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Two novel proteins expressed by the venom glands of Apis mellifera and Nasonia vitripennis share an ancient C1q-like domain

(2010) INSECT MOLECULAR BIOLOGY. 19(suppl. 1). p.1-10
Author
Organization
Abstract
An in-depth proteomic study of previously unidentified two-dimensional polyacrylamide gel electrophoresis spots of honey bee (Apis mellifera, Hymenoptera) venom revealed a new protein with a C1q conserved domain (C1q-VP). BLASTP searching revealed a strong identity with only two proteins from other insect species: the jewel wasp, Nasonia vitripennis (Hymenoptera), and the green pea aphid, Acyrthosiphon pisum (Hemiptera). In higher organisms, C1q is the first subcomponent of the classical complement pathway and constitutes a major link between innate and acquired immunity. Expression of C1q-VP in a variety of tissues of honey bee workers and drones was demonstrated. In addition, a wide spatial and temporal pattern of expression was observed in N. vitripennis. We suggest that C1q-VP represents a new member of the emerging group of venom trace elements. Using degenerate primers the corresponding gene was found to be highly conserved in eight hymenopteran species, including species of the Aculeata and the Parasitica groups (suborder Apocrita) and even the suborder Symphyta. A preliminary test using recombinant proteins failed to demonstrate Am_C1q-VP-specific immunoglobulin E recognition by serum from patients with a documented severe bee venom allergy.
Keywords
Nasonia vitripennis, venom, insect, Hymenoptera, Apis mellifera, HONEYBEE VENOM, STRUCTURAL-CHARACTERIZATION, GLOBULAR DOMAIN, HOST, WASP, BEE, HYMENOPTERA, METABOLISM, FLY

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MLA
de Graaf, Dirk, Marleen Brunain, B Scharlaken, et al. “Two Novel Proteins Expressed by the Venom Glands of Apis Mellifera and Nasonia Vitripennis Share an Ancient C1q-like Domain.” INSECT MOLECULAR BIOLOGY 19.suppl. 1 (2010): 1–10. Print.
APA
de Graaf, Dirk, Brunain, M., Scharlaken, B., Peiren, N., Devreese, B., Ebo, D., Stevens, W., et al. (2010). Two novel proteins expressed by the venom glands of Apis mellifera and Nasonia vitripennis share an ancient C1q-like domain. INSECT MOLECULAR BIOLOGY, 19(suppl. 1), 1–10.
Chicago author-date
de Graaf, Dirk, Marleen Brunain, B Scharlaken, N Peiren, Bart Devreese, DG Ebo, WJ Stevens, CA Desjardins, JH Werren, and Franciscus Jacobs. 2010. “Two Novel Proteins Expressed by the Venom Glands of Apis Mellifera and Nasonia Vitripennis Share an Ancient C1q-like Domain.” Insect Molecular Biology 19 (suppl. 1): 1–10.
Chicago author-date (all authors)
de Graaf, Dirk, Marleen Brunain, B Scharlaken, N Peiren, Bart Devreese, DG Ebo, WJ Stevens, CA Desjardins, JH Werren, and Franciscus Jacobs. 2010. “Two Novel Proteins Expressed by the Venom Glands of Apis Mellifera and Nasonia Vitripennis Share an Ancient C1q-like Domain.” Insect Molecular Biology 19 (suppl. 1): 1–10.
Vancouver
1.
de Graaf D, Brunain M, Scharlaken B, Peiren N, Devreese B, Ebo D, et al. Two novel proteins expressed by the venom glands of Apis mellifera and Nasonia vitripennis share an ancient C1q-like domain. INSECT MOLECULAR BIOLOGY. 2010;19(suppl. 1):1–10.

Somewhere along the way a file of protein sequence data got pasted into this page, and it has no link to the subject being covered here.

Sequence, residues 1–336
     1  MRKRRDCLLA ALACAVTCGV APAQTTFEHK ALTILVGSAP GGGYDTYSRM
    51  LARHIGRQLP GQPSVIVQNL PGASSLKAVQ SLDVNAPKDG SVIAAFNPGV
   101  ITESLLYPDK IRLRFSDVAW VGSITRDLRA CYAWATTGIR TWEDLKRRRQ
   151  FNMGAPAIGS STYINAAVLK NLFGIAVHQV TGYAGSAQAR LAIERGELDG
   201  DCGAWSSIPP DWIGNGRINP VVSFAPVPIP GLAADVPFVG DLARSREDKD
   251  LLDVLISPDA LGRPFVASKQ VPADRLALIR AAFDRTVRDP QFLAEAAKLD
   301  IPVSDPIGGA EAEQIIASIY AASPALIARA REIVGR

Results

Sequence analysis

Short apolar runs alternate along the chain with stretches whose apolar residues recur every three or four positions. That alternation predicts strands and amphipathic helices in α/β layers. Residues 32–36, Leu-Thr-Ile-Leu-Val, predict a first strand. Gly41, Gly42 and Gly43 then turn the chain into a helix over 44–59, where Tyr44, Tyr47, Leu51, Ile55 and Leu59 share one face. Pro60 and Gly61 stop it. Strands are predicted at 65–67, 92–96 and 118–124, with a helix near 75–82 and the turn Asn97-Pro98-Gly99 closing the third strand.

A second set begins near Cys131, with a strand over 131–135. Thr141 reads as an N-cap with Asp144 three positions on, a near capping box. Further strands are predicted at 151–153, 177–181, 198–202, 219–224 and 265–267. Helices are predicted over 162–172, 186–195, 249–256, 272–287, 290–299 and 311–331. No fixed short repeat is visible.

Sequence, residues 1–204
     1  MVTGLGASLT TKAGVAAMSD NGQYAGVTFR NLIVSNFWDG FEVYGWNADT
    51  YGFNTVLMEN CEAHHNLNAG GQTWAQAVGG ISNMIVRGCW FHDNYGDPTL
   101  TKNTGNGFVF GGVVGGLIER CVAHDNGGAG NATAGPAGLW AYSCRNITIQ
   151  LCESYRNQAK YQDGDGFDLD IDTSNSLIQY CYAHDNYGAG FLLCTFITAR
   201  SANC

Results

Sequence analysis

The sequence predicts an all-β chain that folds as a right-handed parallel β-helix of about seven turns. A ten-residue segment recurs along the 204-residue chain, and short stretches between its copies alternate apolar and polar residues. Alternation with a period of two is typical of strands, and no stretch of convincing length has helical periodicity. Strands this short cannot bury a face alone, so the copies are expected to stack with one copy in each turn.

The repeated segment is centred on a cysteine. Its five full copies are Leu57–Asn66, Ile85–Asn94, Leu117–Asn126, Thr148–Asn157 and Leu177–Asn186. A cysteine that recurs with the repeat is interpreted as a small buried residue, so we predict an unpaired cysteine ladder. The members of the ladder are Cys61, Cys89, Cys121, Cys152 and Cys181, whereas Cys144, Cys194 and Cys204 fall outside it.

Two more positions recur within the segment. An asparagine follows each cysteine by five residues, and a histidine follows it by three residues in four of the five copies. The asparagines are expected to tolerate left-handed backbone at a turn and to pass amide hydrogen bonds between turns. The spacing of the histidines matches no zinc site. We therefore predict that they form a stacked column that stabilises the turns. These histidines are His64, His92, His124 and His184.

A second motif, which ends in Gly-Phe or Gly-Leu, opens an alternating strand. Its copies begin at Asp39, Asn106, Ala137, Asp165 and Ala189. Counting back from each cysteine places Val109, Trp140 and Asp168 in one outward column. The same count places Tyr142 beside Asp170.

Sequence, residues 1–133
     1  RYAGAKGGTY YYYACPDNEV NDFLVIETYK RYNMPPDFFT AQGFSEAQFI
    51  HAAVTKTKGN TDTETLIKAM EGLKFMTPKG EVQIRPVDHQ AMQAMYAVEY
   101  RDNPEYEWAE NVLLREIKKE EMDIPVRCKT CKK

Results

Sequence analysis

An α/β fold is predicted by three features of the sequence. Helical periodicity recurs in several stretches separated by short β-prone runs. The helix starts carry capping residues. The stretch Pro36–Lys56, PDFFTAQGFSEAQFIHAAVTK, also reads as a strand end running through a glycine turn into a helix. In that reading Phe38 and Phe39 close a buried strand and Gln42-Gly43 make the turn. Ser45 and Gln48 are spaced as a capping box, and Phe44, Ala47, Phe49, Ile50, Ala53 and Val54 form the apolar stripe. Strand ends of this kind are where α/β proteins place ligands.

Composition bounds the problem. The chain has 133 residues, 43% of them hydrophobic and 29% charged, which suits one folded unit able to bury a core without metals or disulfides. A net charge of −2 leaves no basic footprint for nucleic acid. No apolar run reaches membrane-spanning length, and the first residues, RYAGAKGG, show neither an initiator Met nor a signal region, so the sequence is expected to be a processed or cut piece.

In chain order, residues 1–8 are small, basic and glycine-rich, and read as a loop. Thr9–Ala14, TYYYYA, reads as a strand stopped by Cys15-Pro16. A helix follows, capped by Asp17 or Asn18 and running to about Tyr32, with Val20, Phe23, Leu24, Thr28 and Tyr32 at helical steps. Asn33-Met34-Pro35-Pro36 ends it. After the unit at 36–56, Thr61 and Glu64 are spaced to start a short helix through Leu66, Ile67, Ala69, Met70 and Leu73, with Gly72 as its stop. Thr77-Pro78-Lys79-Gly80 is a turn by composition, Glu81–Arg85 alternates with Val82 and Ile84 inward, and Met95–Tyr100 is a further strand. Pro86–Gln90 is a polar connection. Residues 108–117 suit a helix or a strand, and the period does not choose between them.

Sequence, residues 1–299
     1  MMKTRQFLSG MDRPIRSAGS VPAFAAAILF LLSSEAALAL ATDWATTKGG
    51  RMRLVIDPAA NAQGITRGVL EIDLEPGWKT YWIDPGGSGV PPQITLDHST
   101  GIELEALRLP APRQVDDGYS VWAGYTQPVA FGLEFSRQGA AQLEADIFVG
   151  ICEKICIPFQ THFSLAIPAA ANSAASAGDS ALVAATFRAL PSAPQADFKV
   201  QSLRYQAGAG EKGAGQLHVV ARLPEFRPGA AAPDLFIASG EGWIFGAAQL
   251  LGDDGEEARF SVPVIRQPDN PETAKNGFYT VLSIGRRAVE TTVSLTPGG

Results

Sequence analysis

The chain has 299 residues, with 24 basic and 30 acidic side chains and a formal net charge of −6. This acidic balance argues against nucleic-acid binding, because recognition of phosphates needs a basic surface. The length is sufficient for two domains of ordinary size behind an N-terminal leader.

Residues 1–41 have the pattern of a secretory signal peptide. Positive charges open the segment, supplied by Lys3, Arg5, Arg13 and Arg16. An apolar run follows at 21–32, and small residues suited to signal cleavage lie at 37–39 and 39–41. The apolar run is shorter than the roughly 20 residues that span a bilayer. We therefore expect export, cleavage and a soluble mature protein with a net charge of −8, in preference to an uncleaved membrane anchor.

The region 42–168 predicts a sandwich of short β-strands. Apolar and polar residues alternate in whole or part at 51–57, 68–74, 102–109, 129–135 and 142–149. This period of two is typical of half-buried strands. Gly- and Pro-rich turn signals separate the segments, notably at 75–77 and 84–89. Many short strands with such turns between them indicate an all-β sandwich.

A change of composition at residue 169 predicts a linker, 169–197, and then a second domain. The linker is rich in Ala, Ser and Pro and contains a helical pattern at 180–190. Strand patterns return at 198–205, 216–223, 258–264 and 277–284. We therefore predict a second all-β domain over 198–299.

IEEE
[1]
D. de Graaf et al., “Two novel proteins expressed by the venom glands of Apis mellifera and Nasonia vitripennis share an ancient C1q-like domain,” INSECT MOLECULAR BIOLOGY, vol. 19, no. suppl. 1, pp. 1–10, 2010.
@article{1089753,
  abstract     = {{An in-depth proteomic study of previously unidentified two-dimensional polyacrylamide gel electrophoresis spots of honey bee (Apis mellifera, Hymenoptera) venom revealed a new protein with a C1q conserved domain (C1q-VP). BLASTP searching revealed a strong identity with only two proteins from other insect species: the jewel wasp, Nasonia vitripennis (Hymenoptera), and the green pea aphid, Acyrthosiphon pisum (Hemiptera). In higher organisms, C1q is the first subcomponent of the classical complement pathway and constitutes a major link between innate and acquired immunity. Expression of C1q-VP in a variety of tissues of honey bee workers and drones was demonstrated. In addition, a wide spatial and temporal pattern of expression was observed in N. vitripennis. We suggest that C1q-VP represents a new member of the emerging group of venom trace elements. Using degenerate primers the corresponding gene was found to be highly conserved in eight hymenopteran species, including species of the Aculeata and the Parasitica groups (suborder Apocrita) and even the suborder Symphyta. A preliminary test using recombinant proteins failed to demonstrate Am_C1q-VP-specific immunoglobulin E recognition by serum from patients with a documented severe bee venom allergy.}},
  author       = {{de Graaf, Dirk and Brunain, Marleen and Scharlaken, B and Peiren, N and Devreese, Bart and Ebo, DG and Stevens, WJ and Desjardins, CA and Werren, JH and Jacobs, Franciscus}},
  issn         = {{0962-1075}},
  journal      = {{INSECT MOLECULAR BIOLOGY}},
  keywords     = {{Nasonia vitripennis,venom,insect,Hymenoptera,Apis mellifera,HONEYBEE VENOM,STRUCTURAL-CHARACTERIZATION,GLOBULAR DOMAIN,HOST,WASP,BEE,HYMENOPTERA,METABOLISM,FLY}},
  language     = {{eng}},
  number       = {{suppl. 1}},
  pages        = {{1--10}},
  title        = {{Two novel proteins expressed by the venom glands of Apis mellifera and Nasonia vitripennis share an ancient C1q-like domain}},
  url          = {{http://dx.doi.org/10.1111/j.1365-2583.2009.00913.x}},
  volume       = {{19}},
  year         = {{2010}},
}

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